On commercial leases, landlords have much more flexibility to define terms and conditions. Most commercial leases contain explicit default clauses that define when and how evictions can happen. Commercial leases also allow landlords more flexibility with setting property use conditions.
Many commercial property leases have what are called “co-tenancy clauses” that define how commercial tenants can respond to other tenants vacating the premises. Co-tenancy clauses give commercial renters the option to terminate a lease without penalty if other core tenants on the property leave.
Generally, co-tenancy clauses allow tenants to drop the lease once a defined vacancy threshold is passed. For instance, a commercial tenant might stipulate they can terminate the lease if occupancy falls below 60%.
The point of co-tenancy clauses is to protect commercial renters who might lose traffic and profit if other “anchor” tenants leave the space. Many retail ecosystems, such as malls, depend on smaller businesses attracting customers from nearby larger outlets. Commercial landlords should be aware of co-tenancy clauses and how they can affect vacancy rates.
With residential leases, the landlord is almost always responsible for repairing important systems like air conditioning, plumbing, or electrical. Tenants notify landlords when something goes wrong, and the landlord schedules the necessary repairs.
With commercial leases, tenants assume most of the responsibility for these types of repairs. For example, with a single-net lease, tenants are responsible for one of the major operating expenses (utilities, insurance, taxes) in addition to rent. With a triple-net lease, commercial tenants are responsible for all major operating costs as well as rent.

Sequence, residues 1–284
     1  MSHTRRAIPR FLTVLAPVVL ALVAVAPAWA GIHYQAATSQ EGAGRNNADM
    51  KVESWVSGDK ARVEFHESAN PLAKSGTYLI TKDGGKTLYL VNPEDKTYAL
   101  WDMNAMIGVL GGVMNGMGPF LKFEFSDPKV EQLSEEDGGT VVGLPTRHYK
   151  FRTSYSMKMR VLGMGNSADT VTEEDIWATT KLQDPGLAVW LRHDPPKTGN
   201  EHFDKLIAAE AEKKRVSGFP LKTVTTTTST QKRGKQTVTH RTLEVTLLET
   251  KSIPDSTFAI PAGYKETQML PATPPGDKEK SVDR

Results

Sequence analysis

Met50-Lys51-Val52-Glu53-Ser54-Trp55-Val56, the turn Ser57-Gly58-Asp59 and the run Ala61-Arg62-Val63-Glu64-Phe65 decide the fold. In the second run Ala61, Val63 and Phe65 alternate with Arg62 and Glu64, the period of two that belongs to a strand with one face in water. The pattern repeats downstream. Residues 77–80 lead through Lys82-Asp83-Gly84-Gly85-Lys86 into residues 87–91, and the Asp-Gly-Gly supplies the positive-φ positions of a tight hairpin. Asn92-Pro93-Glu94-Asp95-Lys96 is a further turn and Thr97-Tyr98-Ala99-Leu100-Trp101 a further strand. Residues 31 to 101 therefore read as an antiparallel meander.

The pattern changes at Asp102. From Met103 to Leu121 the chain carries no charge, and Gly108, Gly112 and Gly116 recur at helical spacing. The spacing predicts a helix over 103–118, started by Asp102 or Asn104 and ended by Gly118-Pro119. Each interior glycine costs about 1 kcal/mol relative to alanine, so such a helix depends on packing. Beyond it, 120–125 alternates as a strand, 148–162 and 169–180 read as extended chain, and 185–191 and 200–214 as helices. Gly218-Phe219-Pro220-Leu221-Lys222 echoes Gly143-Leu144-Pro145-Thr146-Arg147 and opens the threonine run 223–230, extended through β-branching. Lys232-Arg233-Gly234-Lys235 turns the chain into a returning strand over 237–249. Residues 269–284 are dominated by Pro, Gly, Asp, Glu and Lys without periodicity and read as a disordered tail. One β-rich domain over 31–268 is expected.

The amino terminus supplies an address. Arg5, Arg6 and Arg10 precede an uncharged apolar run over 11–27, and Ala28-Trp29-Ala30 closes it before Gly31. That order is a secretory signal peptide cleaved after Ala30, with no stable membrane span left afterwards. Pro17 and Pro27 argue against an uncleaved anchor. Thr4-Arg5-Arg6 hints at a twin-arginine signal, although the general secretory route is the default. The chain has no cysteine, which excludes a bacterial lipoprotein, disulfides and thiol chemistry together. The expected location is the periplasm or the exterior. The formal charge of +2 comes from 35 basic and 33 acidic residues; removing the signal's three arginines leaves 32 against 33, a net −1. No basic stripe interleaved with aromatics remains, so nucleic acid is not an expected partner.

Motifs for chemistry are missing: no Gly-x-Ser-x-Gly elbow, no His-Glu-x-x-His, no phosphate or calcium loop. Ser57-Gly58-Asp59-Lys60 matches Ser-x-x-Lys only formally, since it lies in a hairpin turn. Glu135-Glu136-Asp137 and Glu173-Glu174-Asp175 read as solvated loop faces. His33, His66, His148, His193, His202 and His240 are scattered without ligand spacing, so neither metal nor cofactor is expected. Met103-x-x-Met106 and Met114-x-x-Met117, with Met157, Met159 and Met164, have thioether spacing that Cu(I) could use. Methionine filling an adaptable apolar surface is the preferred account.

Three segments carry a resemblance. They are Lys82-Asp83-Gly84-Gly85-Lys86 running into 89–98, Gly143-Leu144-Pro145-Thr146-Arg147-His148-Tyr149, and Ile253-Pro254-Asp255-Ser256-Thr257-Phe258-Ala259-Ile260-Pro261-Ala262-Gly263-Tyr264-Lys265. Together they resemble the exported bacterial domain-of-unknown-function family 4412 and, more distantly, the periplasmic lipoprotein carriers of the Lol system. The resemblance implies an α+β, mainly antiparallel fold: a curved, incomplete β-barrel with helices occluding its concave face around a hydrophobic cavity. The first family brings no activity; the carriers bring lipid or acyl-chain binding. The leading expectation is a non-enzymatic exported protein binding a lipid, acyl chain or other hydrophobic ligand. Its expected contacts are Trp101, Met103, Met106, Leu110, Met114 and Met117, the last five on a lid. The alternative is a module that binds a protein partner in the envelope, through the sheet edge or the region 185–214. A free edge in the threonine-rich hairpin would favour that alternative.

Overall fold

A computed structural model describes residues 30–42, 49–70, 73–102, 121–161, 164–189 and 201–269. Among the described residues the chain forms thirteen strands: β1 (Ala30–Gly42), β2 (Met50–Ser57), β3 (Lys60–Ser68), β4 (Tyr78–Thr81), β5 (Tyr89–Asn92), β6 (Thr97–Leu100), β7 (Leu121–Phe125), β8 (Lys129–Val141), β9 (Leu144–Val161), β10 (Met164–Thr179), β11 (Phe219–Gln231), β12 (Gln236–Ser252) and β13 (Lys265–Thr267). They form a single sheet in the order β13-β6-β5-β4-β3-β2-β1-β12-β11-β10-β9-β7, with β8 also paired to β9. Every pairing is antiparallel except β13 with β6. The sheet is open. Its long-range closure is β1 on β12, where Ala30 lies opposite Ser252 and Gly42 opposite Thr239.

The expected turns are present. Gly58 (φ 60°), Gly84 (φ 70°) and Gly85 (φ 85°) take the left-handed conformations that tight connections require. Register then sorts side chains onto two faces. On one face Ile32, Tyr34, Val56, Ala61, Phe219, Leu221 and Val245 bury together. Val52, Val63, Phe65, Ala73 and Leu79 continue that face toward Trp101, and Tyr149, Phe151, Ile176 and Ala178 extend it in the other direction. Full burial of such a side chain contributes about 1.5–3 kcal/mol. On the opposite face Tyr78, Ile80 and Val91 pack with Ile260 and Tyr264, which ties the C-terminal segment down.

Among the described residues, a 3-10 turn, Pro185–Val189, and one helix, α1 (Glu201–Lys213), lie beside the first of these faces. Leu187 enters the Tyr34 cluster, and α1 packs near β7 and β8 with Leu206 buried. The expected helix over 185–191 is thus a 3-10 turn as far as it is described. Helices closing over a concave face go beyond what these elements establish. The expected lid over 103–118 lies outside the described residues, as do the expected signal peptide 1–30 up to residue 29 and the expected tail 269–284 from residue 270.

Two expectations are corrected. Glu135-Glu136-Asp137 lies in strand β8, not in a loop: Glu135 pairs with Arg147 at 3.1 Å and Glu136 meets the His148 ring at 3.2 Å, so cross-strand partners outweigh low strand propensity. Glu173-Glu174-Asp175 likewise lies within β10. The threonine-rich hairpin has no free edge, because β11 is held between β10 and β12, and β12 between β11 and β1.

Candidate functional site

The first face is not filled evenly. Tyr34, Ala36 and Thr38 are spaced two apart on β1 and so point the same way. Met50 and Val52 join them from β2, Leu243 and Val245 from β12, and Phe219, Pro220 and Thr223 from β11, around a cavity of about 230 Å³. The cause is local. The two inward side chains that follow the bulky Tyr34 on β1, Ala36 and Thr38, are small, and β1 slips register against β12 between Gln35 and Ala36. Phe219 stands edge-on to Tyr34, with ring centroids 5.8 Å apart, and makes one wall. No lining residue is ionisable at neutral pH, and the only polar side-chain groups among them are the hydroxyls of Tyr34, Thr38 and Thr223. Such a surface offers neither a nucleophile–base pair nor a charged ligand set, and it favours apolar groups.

These types of net leases are great for landlords because they reduce their overall operating expenses. If you are renting commercial properties, be sure to explicitly add provisions defining who holds responsibilities for recurring costs.
Depending on the state, residential leases might be subject to rent control laws. Rent control laws restrict when and how landlords can increase rent prices. For example, New York City requires landlords to provide early written notice to residential tenants if they plan to increase annual rent by more than 5%.
In contrast, there are no rent control laws for commercial properties. Landlords can stipulate rental increases when and how they like in commercial leases. Many states discourage rent control for residential and commercial properties because they believe it would be a detriment to commercial investment and development.
Can I Invest in Both?
No rule says that investors have to stick to one or the other. In fact, many investors start with residential properties and move to commercial real estate once they have the necessary capital and investing experience.
Investing in both commercial and residential real estate can be an effective method to diversify your portfolio. But it’s crucial that investors understand how leasing structures can affect their bottom line. Negotiating a bad lease on a commercial property could end up costing you much more than a poor lease on a residential property.